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Low Doses Of Lymphoma Drug Vorinostat Prevent Diabetes In Mice

Medication blocks removal of acetyl groups on lysine residues, but more safety studies are needed

by Carmen Drahl
January 13, 2014 | A version of this story appeared in Volume 92, Issue 2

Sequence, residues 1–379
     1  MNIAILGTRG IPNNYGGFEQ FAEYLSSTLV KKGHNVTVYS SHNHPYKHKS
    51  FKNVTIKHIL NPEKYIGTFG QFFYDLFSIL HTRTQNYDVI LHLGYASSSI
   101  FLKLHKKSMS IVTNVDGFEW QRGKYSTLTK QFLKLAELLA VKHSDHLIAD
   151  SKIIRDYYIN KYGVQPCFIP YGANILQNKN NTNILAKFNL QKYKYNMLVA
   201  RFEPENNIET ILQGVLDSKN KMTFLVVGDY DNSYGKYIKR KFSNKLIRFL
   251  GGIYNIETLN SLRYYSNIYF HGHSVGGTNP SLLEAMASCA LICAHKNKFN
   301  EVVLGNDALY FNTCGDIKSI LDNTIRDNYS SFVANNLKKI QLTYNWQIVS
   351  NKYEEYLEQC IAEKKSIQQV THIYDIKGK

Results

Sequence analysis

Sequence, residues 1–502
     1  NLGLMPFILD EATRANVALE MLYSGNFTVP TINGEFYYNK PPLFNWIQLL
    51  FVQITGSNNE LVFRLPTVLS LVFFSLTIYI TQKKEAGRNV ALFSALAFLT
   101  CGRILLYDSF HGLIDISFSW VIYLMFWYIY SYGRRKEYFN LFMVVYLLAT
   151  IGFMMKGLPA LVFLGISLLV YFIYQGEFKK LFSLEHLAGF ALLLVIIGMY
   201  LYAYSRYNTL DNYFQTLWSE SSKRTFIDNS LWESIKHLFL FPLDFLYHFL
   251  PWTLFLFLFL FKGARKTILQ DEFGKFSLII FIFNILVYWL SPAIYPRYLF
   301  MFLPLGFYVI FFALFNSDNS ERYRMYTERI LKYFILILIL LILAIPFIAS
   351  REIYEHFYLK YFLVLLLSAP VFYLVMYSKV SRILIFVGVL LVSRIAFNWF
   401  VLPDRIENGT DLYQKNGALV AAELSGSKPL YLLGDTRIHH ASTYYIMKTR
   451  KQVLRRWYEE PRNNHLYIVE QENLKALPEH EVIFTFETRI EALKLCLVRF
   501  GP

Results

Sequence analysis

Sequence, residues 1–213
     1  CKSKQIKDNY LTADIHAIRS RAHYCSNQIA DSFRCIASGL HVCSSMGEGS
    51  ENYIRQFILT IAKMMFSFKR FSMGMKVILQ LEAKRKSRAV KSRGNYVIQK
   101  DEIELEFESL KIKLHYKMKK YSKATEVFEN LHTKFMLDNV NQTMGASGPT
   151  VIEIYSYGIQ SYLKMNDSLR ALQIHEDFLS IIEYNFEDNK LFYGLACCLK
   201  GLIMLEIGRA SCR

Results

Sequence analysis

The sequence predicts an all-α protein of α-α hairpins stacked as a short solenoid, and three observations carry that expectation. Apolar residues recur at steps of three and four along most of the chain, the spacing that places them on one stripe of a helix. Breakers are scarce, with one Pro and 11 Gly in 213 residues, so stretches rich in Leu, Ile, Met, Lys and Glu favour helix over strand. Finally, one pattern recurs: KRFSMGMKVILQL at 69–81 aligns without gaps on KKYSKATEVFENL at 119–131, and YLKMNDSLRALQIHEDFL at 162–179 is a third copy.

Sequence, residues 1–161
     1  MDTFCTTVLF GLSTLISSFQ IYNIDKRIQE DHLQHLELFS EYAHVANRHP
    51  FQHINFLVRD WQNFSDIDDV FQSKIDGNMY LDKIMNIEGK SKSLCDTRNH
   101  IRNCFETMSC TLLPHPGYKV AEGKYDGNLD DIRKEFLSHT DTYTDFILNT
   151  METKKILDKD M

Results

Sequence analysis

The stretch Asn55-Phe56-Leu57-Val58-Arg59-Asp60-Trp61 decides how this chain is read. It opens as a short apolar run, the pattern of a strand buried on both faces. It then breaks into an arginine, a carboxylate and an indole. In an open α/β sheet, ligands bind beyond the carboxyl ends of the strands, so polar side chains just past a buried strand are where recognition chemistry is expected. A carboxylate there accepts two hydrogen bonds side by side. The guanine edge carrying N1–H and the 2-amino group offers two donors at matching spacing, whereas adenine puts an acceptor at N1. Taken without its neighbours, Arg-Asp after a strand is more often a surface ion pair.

Acetyl groups on lysine residues are chemical master switches that control myriad activities in cells. Acetylation is best known for its involvement in gene transcription and cancer progression. In fact, FDA in 2006 approved vorinostat, a molecule that blocks the removal of acetyl groups from lysine residues, to treat a type of lymphoma. Acetylation also influences inflammation, so researchers are investigating whether vorinostat and similar drugs could treat autoimmune diseases such as type 1 diabetes. Now, a multi-institution team has reduced the occurrence of type 1 diabetes in mice by feeding them vorinostat or another lysine deacetylase inhibitor, givinostat (Proc. Natl. Acad. Sci. USA 2014, DOI: 10.1073/pnas.1320850111). The researchers, led by Thomas Mandrup-Poulsen of the University of Copenhagen, also learned that the compounds delay the mice’s onset of diabetes. The effective doses were two orders of magnitude lower than those given for cancer treatment, Mandrup-Poulsen says. The drugs can be taken orally, so patients may be more likely to follow that regimen compared with insulin injections. The authors think this study lays some groundwork for clinical trials in type 1 diabetes patients, but they call for more safety studies on vorinostat first.


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